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Occasional Chair

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Occasional Chair

Date: c. 1880
Medium: Ash, black walnut, original silk and needlework upholstery
Dimensions:
Overall: 35 1/4 × 25 1/2 × 32 1/2in. (89.5 × 64.8 × 82.6cm)
Signed: On caster: 'THE INDIA RUBBER COMB CO. NEW YORK / 15'
Credit Line: Gift of Dr. and Mrs. Ernest C. Shortliffe
Object number: 85.3
Label Text
This type of overstuffed chair may have been made as a single accent chair, but it was more likely to have been sold with a settee and one or more armchairs as part of a "Turkish" parlor suite. Turkish suites were produced by the mid-1870s, but they were never highly popular in the middle-class market perhaps because of their expense, their relative fragility compared with forms made with more substantial wooden frames, and the social ambiguities of their apparent invitation to relax in formal rooms.

This chair is a rare survival that demonstrates the international influence of high-style French upholstery design. The use of silk satin as upholstery fabric seems ridiculously impractical, but it appeared by the early 1840s on French-style furniture in American interiors and resurfaced periodically throughout the nineteenth century as a frank extravagance. A contrasting strip of needlework running from the crest to the seat front appears in French upholstery design by the 1820s. The practice became one of the most beloved conventions of fancy upholstery in America after 1870.

ATD



Text Entries
This chair is rare, apparently intact, survival that effectively demonstrates the international influence of high-style French upholstery design, its dissemination far from large fashion centers during the nineteenth century, and the longevity of some of its visual conven­tions in the United States. Because of its fragile condition the interior structure of the chair cannot be analyzed, but it has a wooden frame and a spring seat and back.(1) The color combination, the quality of the needlework strip, and the use of heavy silk satin as the primary cover fabric suggest that this piece may date from the last quarter of the nineteenth century. The design, however, was not new; it dates from the Second Empire (1852-70), a period of great innovation in French upholstery design and technique in both drapery and seating   furniture.(2)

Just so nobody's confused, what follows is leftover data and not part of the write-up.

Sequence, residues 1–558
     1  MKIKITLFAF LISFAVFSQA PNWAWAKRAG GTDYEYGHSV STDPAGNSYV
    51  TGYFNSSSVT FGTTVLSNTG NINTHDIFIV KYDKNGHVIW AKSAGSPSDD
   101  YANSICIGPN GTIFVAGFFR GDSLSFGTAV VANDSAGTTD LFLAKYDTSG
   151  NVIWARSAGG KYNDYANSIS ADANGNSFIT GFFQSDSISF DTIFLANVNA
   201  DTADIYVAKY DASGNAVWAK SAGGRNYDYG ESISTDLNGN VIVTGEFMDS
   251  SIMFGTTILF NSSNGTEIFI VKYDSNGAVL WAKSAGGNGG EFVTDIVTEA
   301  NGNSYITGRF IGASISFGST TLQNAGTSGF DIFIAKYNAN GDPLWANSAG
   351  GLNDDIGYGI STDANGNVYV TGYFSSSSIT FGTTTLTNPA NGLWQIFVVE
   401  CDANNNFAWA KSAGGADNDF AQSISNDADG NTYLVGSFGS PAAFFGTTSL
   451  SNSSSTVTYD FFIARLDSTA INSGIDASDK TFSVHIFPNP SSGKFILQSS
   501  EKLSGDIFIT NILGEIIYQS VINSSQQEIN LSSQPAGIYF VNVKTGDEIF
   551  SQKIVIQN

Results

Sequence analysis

In the late 1830s the name confortable was first applied to overstuffed chairs with springs. By the Second Empire, forms of overstuffed seating proliferated to  include, among others, poufs (overstuffed backless seats), fauteuils de cercle (barrel chairs), crapauds ("toad" chairs of squatty proportions), and meridiennes (napping couches). So, too, did styles profilerate. Some confortables were actually loose interpretations of classic seventeenth- and eighteenth­century modes, swaddled in fabric and stuffing, while others were clearly intended to be "Oriental." "Turkish" furniture forms, which invited sensual, relaxed postures different from the deportment required in formal social life, appeared in France as early as the late seventeenth century.(3) Nineteenth-century versions, however, display a virtuosity in fabric treatment and trimming that seems to echo French dressmaking. Pleated and buttoned tufting, which was both decorative and stabilizing to deep layers of stuffing materials, was another important element of the Second Empire 's upholstery  aesthetic.

Denise Ledoux-Lebard 's brief catalogue of Second Empire furniture forms and decor illustrates  a "tufted chair with inverted back " close in appearance to the MWPI example.(4) No self-respecting French upholsterer of the time would have been satisfied with such a boring moniker, however. The seventeenth number of V. L. Quetin's Le Magasin de Meubles (ca. 1860), the Album de Sieges, published a number of designs for "sieges riches" (opulently upholstered chairs) and "sieges defantaisies" (fancy chairs, intended for use as single accents to the decor). The "Chaise…genre Bebe" in plate 55 is particularly close to the MWPI chair. Although it lacks the continuous sweep of back and seat, the design does include a roll and macarons with tassels at the crest of the slanted back.(5)